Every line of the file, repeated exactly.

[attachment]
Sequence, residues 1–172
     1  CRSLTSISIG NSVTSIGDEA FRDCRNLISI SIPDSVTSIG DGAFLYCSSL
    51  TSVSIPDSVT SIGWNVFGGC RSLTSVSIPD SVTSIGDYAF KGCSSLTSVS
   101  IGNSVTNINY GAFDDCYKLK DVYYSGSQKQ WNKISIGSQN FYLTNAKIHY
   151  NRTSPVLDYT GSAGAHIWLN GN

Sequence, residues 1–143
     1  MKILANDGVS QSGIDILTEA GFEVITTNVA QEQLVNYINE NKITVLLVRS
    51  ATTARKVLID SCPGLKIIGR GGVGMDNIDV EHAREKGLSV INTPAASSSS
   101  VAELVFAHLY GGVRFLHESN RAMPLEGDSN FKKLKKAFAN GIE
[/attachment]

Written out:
Sequence, residues 1–172
     1  CRSLTSISIG NSVTSIGDEA FRDCRNLISI SIPDSVTSIG DGAFLYCSSL
    51  TSVSIPDSVT SIGWNVFGGC RSLTSVSIPD SVTSIGDYAF KGCSSLTSVS
   101  IGNSVTNINY GAFDDCYKLK DVYYSGSQKQ WNKISIGSQN FYLTNAKIHY
   151  NRTSPVLDYT GSAGAHIWLN GN

Sequence, residues 1–143
     1  MKILANDGVS QSGIDILTEA GFEVITTNVA QEQLVNYINE NKITVLLVRS
    51  ATTARKVLID SCPGLKIIGR GGVGMDNIDV EHAREKGLSV INTPAASSSS
   101  VAELVFAHLY GGVRFLHESN RAMPLEGDSN FKKLKKAFAN GIE